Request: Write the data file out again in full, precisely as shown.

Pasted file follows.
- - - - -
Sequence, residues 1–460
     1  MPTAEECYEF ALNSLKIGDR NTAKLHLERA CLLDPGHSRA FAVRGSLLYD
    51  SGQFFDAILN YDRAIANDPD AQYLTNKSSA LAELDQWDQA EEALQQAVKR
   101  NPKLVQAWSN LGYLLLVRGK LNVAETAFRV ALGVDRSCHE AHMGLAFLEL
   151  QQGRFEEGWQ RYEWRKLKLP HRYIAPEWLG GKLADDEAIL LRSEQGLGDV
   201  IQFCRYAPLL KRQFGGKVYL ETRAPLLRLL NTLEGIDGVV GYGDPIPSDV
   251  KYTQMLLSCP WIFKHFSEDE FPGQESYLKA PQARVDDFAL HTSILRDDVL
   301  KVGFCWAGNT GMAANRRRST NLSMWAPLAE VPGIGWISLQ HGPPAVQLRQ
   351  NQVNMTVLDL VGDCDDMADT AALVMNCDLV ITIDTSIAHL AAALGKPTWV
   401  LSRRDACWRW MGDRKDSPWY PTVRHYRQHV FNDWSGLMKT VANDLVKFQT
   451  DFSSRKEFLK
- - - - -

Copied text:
Sequence, residues 1–460
     1  MPTAEECYEF ALNSLKIGDR NTAKLHLERA CLLDPGHSRA FAVRGSLLYD
    51  SGQFFDAILN YDRAIANDPD AQYLTNKSSA LAELDQWDQA EEALQQAVKR
   101  NPKLVQAWSN LGYLLLVRGK LNVAETAFRV ALGVDRSCHE AHMGLAFLEL
   151  QQGRFEEGWQ RYEWRKLKLP HRYIAPEWLG GKLADDEAIL LRSEQGLGDV
   201  IQFCRYAPLL KRQFGGKVYL ETRAPLLRLL NTLEGIDGVV GYGDPIPSDV
   251  KYTQMLLSCP WIFKHFSEDE FPGQESYLKA PQARVDDFAL HTSILRDDVL
   301  KVGFCWAGNT GMAANRRRST NLSMWAPLAE VPGIGWISLQ HGPPAVQLRQ
   351  NQVNMTVLDL VGDCDDMADT AALVMNCDLV ITIDTSIAHL AAALGKPTWV
   401  LSRRDACWRW MGDRKDSPWY PTVRHYRQHV FNDWSGLMKT VANDLVKFQT
   451  DFSSRKEFLK